Potty Training - Parents want it to work well

This is the last topic of the parenting series.


Thanks to my good friend who is in the stage of potty training her toddler and recommended I blog on the topic.


Every parent goes through this milestone at some stage in bringing up their toddlers. You might (gladly) notice that you have been changing less nappies lately and your little one is staying dry during nap time. There will be other signs as well (e.g. pulling at their nappy), other signs may be vocal (wanting to use the toilet), indicating it's time to delve into the world of potting training.

Preparation

First, get a potty: Pick the right one that won't tip over when your child gets up to "have a look." As they get more used to it, they can move onto the type of potty that fixes onto the toilet, such as a stable one with a built in foot rest.

1. Age: In my opinion, there is no perfect age to start potty training as it is different for every child. I started potty training my children at two and a half years; some children are ready sooner than others. I would suggest that you look at the signs as you will know when your little one will be ready to start the process.

2. Dressing for potty training success: Dress your toddler in the right clothes e.g. pants that are easy to pull up and down without any fiddling. You can ask your little one to pull down his / her pants and then pull them back up again. Practice this very important pull - down movement to aid the process.

3. Showing them how to use the potty: Toddlers like to mimic other people so it is important to not only talk about how to squat, wipe down or flush, but to take them to the toilet and show them (only if you feel comfortable doing so). I was not shy to show my little ones the correct way of using the toilet and they were quick to copy!

4. Letting them bare their bottom: It's hard to ignore urinating when there is no nappy in place. Let them hang around with half their bottom bare (obviously in a private / safe place with washable floors). Remember to keep the potty nearby so your child can act quickly.

5. Positioning: Putting the potty in a place that is easily reached. Many children feel safer using a potty on the floor, rather than one that sits on top of the toilet.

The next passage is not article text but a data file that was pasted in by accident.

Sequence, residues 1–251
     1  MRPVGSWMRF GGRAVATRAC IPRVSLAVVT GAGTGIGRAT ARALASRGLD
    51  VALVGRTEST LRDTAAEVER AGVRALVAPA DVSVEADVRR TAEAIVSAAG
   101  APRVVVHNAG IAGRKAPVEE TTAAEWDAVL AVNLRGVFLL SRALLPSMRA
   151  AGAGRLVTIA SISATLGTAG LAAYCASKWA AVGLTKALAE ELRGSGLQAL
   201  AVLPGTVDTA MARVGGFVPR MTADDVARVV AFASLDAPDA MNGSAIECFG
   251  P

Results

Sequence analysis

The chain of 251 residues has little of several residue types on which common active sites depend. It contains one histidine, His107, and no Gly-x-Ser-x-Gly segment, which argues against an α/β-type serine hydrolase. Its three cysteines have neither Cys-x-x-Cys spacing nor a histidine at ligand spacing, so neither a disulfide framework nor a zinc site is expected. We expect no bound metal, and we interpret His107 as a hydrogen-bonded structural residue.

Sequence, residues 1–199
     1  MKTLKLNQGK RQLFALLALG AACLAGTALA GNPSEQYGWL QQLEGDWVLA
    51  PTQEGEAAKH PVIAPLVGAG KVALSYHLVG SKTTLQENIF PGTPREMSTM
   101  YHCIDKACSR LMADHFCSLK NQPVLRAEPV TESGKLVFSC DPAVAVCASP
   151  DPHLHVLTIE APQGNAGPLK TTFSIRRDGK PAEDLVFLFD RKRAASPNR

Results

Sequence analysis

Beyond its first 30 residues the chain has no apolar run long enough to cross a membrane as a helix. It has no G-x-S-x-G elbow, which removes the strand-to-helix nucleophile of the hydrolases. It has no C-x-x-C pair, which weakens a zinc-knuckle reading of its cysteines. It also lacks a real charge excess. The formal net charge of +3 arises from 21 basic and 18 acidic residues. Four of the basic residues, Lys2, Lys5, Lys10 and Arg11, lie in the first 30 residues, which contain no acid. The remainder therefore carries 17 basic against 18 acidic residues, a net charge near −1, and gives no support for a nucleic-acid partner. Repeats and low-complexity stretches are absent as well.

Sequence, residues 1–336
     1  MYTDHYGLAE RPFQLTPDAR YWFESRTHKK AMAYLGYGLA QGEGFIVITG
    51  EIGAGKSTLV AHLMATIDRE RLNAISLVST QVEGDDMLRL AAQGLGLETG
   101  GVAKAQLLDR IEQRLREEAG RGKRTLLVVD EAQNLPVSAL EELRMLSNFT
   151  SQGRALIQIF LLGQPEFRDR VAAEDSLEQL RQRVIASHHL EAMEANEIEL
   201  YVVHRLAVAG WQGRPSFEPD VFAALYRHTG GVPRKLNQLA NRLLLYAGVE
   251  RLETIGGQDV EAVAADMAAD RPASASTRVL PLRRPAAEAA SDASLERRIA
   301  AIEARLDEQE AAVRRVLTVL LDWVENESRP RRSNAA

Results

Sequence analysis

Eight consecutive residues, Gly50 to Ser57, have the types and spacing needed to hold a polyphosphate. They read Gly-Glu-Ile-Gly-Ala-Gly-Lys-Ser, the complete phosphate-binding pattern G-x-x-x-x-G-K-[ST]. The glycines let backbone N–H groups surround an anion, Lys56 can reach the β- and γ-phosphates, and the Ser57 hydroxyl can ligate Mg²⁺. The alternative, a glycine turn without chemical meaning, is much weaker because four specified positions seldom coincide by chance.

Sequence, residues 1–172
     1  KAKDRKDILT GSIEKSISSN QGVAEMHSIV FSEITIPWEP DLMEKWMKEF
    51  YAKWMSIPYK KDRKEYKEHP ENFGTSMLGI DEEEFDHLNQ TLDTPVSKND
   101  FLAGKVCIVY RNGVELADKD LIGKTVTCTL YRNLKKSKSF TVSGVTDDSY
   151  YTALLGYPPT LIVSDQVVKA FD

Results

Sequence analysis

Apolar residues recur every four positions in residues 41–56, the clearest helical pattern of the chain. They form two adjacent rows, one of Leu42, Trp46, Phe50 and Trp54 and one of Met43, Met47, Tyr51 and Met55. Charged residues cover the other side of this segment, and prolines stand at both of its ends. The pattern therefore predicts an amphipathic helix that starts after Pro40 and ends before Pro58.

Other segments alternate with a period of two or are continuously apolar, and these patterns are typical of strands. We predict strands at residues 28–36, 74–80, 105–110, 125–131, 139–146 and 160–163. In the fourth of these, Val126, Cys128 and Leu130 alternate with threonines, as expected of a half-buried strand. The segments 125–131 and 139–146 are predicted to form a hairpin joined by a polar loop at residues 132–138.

6. Trying it out, be consistent: Let your toddler explore the potty and become familiar with it. Talk about the benefits of using the toilet, use positive phrases like "wearing pants is fun", "very soon, you will be using the toilet just like mummy and daddy" or "you will soon start flushing just like a big girl / boy". Avoid using negative words like "babyish", "smelly" or "yucky" these could lead to them resisting making further progress.


7. How often to sit on potty: You can start day one with 15 to 20 minutes (a timer can be useful to keep track of time if you wish). On the second day, you could extend it to 30 minutes. Third day, an hour. Sooner or later, the child would remember to go to the toilet without a timer!


8. Dryness: Teach them how to check for dryness. If you notice they have stayed dried for a while, congratulate them by saying "well done", give a pat on the back or a high five. This will enable them to be happy with themselves and stay in control. Affirmation always goes a long way. Avoid being critical when you notice that your toddler has wet themselves.

9. Be patient, stay motivated & watch closely: Every child is different so it may take them longer to master the act than other children; be patient! Even if you have to mop up after them. Over-reacting will discourage your little ones from using the potty independently. As parents, you can remind your toddlers that using a potty means growing up. Incentives are a good way to keep them going, e.g. stickers on the calendar. As they get older, you may need to stop using this type of incentive, it would be better for your toddler to make progress by themselves because they are self-motivated and not just to get a sticker :)

If the potty training process is not going as planned, parents could try alternative methods in the mean time.



Pull ups - do they really work?

When your child has just begun using the potty, you can play it safe by using disposable pull ups. Once your toddler has had a few successes on the potty, try switching back to using washable training pants.

Pull ups are very convenient but they may hinder and prolong 'wetting the bed'. From my experience & speaking to a few friends, when a child is potty trained but still wears a pull up at night, there may be a disincentive to progress further with potty training.

Be mindful that different methods work for different children, the key for me, was to be patient and consistent. Remember that all of our little ones differ and will reach this essential milestone in their own pace. It's all about waiting for the signs of readiness, setting the stage and starting whilst the excitement exists. Don't lose hope even though it may seem like an endless process. Don't deny them drinks either, some parents think that by doing so, it may reduce the chances of having an accident.

Those of you experienced parents that have gone through this process, what tips can you give? Share your thoughts and experiences.



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